Geodetic scientists improve knowledge of Antarctic Moho


A new paper on the Antarctic Moho and its potential isostatic adjustments by Chaoyang Zhang, Ralph von Frese, CK Shum, Tim Leftwich, Hyung Rae Kim, and Sasha Golynsky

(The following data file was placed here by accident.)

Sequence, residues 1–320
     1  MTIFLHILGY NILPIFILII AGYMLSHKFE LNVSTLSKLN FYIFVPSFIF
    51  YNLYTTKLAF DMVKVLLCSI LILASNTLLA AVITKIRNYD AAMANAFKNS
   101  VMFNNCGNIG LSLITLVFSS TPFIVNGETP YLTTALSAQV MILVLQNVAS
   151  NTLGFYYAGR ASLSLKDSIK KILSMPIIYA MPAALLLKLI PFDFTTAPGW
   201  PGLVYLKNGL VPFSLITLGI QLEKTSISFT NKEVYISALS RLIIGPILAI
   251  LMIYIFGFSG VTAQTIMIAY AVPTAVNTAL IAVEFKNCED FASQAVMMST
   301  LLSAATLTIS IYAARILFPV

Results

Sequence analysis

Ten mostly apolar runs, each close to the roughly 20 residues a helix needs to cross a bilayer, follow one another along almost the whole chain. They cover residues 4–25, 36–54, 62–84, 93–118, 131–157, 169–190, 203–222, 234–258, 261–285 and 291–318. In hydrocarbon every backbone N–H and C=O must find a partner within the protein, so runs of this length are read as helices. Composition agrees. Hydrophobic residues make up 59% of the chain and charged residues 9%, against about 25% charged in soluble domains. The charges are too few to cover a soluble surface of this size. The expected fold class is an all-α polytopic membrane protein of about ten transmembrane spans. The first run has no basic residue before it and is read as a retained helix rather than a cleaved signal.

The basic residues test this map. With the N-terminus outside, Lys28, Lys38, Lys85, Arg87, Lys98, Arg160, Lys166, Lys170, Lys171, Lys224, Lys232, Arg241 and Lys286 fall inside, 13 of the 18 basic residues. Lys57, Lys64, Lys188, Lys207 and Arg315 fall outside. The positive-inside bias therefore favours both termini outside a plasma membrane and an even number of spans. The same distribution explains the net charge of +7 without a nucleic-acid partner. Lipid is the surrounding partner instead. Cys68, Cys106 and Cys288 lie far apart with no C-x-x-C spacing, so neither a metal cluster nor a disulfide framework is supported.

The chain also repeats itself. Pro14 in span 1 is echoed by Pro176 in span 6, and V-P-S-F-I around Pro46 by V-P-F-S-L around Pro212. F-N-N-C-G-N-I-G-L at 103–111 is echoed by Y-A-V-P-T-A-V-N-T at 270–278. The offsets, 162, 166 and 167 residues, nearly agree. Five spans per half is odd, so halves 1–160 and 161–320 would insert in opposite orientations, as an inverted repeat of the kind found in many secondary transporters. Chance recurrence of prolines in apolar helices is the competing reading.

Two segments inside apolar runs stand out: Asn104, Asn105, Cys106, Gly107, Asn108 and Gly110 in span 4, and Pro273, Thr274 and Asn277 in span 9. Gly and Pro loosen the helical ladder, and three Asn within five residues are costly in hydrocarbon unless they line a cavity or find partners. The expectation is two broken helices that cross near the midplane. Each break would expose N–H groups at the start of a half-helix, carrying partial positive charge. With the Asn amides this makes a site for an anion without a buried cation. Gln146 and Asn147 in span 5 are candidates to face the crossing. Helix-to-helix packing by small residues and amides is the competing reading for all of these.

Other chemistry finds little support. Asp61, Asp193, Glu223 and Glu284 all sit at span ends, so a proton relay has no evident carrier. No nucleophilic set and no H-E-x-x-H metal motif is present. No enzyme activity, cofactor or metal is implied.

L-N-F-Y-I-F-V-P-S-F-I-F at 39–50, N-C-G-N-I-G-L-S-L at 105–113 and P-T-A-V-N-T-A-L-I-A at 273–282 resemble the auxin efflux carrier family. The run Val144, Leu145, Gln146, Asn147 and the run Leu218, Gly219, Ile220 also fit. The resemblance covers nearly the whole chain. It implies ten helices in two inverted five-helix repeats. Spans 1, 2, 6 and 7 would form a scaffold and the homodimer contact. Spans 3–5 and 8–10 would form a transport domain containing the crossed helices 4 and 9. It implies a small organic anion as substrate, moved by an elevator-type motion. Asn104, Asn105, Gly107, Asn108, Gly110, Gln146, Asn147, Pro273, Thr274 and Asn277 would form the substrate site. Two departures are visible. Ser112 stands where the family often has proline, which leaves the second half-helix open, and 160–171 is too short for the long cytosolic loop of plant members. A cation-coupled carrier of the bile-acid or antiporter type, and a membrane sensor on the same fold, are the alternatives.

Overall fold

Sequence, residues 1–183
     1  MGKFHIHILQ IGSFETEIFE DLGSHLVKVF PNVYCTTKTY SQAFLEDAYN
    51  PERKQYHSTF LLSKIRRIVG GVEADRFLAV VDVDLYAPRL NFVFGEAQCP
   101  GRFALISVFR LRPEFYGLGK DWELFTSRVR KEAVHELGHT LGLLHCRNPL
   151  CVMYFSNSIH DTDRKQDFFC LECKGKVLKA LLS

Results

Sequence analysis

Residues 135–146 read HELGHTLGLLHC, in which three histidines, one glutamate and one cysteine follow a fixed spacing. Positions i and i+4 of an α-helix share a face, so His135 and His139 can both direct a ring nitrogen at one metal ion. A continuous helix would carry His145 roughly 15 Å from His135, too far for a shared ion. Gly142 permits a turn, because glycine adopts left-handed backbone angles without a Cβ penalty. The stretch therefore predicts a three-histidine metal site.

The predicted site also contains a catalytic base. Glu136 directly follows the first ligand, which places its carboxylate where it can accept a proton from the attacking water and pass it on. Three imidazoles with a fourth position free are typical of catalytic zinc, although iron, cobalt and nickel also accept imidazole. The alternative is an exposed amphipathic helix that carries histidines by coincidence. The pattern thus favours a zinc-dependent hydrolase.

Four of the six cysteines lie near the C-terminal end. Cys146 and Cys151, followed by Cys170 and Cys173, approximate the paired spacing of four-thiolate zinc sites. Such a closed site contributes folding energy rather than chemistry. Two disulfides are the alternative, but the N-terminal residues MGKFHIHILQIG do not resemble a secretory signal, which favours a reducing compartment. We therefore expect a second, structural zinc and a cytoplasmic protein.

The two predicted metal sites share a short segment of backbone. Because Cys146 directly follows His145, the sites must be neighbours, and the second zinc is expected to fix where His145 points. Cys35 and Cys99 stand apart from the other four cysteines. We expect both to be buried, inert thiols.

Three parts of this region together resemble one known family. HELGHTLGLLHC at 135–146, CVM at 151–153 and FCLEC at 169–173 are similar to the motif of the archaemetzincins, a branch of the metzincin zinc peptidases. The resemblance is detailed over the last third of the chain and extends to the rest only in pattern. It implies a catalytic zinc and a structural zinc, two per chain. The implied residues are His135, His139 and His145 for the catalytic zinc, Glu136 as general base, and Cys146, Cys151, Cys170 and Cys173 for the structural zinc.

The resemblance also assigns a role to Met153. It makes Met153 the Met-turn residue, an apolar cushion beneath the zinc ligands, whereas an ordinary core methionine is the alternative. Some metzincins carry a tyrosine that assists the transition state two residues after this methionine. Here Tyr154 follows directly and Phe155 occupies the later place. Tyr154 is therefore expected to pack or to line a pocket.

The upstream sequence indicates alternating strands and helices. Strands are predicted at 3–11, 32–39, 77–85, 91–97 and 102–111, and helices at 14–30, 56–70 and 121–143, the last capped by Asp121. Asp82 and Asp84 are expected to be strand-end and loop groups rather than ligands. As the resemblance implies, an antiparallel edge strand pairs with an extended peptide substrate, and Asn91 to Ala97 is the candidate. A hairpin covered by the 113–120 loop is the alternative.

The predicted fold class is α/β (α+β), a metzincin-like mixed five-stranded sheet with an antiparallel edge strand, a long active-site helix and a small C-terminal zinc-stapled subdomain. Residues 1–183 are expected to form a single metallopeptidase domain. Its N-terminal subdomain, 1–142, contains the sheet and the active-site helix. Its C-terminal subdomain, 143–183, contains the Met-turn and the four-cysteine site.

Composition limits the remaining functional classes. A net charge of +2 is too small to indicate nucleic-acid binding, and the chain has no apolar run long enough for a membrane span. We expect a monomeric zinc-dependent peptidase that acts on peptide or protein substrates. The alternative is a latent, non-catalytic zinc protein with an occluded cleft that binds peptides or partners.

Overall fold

This study was led by Chaoyang Zhang, who obtained his Ph.D. degree in Geodetic Science in Summer, 2020 under Prof. CK Shum’s supervision, and now is a post-doctoral fellow at the University of Texas-Austin.  Our research updated a seismically inferred Moho model of the Antarctic using satellite gravity data from the European Space Agency’s Gravity Field and Steady-State Ocean Circulation Explorer (GOCE) mission and the computed gravity signals of the crustal terrain inferred mostly from subglacial radio-echo soundings. The differences between the gravity-updated Moho and the seismic Moho tend to map out the warmer lithosphere associated with crustal rifting, mantle plume activity, and subduction along most of western Antarctica. Additionally, the satellite gravity anomalies in the above Figure produced by isostatically uncompensated crustal terrain appear to link the Gamburtsev Subglacial Mountains with the Kerguelen mantle hotspot, and support the presence of a giant meteorite impact basin in Wilkes Land centered roughly on (70oS, 120oE). The methodology presented in this paper also can update any Moho model when improved gravity and terrain data become available.  A preprint of this paper is available here.